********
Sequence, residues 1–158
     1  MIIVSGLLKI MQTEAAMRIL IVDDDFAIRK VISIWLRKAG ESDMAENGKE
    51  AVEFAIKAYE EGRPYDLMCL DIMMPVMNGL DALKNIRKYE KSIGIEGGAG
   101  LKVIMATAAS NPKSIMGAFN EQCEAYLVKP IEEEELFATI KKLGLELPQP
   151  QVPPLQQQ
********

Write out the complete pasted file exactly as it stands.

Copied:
Sequence, residues 1–158
     1  MIIVSGLLKI MQTEAAMRIL IVDDDFAIRK VISIWLRKAG ESDMAENGKE
    51  AVEFAIKAYE EGRPYDLMCL DIMMPVMNGL DALKNIRKYE KSIGIEGGAG
   101  LKVIMATAAS NPKSIMGAFN EQCEAYLVKP IEEEELFATI KKLGLELPQP
   151  QVPPLQQQ